The best of the young American songwriters, a voice full of feeling and a big, big heart. And the balls to say what he thinks.
Berkeley is a New Jersey native, but in the past decade, he's lived in Brooklyn, Atlanta, Berkeley and Corsica. Santa Fe is now home, where he lives with this wife and two young sons. Within months of arriving and still overwhelmed by the palette of reds and browns, the endless open sky, and the frightening lack of water in his new high desert surroundings, Berkeley wrote and recorded his most haunting and personal songs to date. Berkeley's doleful baritone and vulnerable falsetto, called "lustrous and melancholy" by the New York Times, is up front in the mix, showcasing his profoundly elegiac lyrics. Indeed, Berkeley cites Yeats and Melville among his greatest influences. For his unique way with words, the San Francisco Chronicle dubbed Berkeley "a musical poet."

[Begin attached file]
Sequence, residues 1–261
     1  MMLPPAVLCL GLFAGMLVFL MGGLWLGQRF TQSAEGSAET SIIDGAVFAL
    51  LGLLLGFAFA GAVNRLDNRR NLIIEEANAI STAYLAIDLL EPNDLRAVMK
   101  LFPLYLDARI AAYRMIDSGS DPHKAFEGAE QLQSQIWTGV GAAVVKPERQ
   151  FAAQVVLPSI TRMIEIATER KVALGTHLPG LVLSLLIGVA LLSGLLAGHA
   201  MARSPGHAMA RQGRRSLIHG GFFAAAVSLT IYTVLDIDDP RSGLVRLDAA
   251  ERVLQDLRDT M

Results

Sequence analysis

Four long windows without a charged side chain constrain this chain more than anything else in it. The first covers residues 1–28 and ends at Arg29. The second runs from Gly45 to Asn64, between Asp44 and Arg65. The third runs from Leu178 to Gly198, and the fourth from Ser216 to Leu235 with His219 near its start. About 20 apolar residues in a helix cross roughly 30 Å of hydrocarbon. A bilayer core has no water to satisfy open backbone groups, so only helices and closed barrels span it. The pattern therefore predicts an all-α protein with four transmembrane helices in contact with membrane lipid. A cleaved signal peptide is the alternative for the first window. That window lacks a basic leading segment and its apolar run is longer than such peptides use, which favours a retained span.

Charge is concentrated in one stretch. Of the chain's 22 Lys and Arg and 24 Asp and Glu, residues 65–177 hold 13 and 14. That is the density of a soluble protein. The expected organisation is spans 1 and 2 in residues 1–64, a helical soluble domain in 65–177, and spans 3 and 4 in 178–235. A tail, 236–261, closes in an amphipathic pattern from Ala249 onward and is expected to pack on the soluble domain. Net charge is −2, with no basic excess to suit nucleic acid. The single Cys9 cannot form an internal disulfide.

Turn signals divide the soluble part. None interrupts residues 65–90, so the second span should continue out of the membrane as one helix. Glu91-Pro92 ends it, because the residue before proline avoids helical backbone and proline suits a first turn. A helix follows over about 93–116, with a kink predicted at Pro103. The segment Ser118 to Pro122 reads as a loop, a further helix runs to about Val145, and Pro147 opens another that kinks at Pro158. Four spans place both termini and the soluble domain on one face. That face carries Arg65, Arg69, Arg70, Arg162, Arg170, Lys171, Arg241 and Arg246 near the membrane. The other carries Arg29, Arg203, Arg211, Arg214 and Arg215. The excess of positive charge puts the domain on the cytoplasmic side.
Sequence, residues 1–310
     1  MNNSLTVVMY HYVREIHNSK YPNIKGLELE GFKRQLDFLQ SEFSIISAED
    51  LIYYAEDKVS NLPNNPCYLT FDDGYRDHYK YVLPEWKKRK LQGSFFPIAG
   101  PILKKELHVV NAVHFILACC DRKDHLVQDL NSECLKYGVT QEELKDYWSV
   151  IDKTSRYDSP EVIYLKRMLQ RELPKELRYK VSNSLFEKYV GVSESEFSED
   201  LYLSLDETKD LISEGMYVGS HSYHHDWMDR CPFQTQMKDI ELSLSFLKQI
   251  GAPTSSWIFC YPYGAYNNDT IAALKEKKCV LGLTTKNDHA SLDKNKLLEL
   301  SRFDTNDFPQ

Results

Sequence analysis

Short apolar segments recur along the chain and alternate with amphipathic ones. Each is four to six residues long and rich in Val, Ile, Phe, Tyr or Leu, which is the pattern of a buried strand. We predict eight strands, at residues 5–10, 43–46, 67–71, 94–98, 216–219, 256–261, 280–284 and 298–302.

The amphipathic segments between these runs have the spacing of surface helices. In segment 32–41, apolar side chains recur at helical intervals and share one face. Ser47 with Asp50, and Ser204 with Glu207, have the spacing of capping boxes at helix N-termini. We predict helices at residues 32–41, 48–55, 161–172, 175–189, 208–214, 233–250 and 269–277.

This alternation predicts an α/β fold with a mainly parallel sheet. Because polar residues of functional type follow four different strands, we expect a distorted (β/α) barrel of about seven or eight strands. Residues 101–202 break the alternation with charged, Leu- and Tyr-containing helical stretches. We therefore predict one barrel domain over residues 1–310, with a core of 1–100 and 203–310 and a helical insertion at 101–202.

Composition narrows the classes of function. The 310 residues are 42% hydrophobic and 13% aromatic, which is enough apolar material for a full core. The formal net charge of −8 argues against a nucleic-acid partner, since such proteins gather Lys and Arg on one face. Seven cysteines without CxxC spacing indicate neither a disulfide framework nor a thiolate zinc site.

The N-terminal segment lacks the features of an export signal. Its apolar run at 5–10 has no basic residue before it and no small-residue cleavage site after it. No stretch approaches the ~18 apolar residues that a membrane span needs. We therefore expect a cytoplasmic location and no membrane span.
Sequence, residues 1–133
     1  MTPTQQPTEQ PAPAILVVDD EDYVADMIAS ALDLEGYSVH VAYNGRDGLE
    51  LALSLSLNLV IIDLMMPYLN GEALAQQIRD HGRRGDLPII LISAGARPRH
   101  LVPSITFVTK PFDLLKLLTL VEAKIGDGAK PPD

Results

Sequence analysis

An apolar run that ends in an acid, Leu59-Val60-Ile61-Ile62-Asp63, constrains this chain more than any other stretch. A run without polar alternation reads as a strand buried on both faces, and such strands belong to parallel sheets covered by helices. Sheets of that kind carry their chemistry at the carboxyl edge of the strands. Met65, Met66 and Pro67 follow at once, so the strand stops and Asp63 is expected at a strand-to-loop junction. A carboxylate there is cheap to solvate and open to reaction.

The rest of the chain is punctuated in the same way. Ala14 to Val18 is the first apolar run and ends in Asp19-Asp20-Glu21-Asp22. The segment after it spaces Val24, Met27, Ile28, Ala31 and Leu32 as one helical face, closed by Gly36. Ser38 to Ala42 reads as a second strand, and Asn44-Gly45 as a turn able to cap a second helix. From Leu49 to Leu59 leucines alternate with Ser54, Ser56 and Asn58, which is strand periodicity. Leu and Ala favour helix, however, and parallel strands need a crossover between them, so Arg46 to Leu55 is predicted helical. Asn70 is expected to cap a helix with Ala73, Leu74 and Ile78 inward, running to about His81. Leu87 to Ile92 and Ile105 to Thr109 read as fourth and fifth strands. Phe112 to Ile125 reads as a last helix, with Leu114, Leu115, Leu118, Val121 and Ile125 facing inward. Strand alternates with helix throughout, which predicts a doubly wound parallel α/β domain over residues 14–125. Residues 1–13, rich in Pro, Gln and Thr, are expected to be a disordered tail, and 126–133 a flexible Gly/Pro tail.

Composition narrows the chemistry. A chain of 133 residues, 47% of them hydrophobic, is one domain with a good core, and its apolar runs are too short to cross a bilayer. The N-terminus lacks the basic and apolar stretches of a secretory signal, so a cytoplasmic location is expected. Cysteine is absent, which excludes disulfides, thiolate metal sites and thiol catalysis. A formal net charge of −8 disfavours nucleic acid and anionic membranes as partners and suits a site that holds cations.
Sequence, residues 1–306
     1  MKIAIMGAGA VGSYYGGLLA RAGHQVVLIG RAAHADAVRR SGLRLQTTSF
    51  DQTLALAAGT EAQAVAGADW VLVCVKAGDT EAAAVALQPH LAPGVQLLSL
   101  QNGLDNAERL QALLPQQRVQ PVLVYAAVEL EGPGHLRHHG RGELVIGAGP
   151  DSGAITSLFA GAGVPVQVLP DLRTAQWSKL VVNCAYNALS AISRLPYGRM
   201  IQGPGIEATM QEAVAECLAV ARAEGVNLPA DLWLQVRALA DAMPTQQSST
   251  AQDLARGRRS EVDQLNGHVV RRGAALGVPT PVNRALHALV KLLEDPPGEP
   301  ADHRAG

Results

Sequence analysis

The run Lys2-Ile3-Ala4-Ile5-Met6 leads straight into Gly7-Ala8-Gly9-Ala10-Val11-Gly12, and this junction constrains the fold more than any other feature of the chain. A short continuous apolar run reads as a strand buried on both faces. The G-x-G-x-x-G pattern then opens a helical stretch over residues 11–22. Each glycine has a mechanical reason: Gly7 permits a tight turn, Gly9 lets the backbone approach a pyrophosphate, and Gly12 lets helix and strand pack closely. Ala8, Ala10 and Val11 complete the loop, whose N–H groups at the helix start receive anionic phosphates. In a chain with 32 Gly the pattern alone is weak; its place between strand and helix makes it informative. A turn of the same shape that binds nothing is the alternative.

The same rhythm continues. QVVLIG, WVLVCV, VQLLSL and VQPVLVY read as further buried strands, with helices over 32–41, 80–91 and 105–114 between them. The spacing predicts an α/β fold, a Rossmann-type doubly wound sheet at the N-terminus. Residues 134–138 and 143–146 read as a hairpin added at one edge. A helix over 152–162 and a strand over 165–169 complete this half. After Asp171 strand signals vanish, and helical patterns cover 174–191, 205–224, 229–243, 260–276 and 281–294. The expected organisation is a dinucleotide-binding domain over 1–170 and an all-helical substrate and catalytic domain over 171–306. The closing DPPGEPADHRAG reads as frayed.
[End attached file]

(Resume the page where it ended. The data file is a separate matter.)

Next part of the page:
Berkeley's gift as a songwriter and storyteller is that he sees both the tragedy and comedy in life, managing to both reveal the sorrow at the heart of the human condition and the blazing joy and beauty in the same. It's a duality that audiences experience at all of Berkeley's shows as he tells uproarious stories between heartbreaking songs. It's why his fans respond so deeply to his music and why so many look to him to express what they are often unable to articulate. It's also why his voice and lyrics have cross-genre appeal. Berkeley's songs are at once hard and hopeful.
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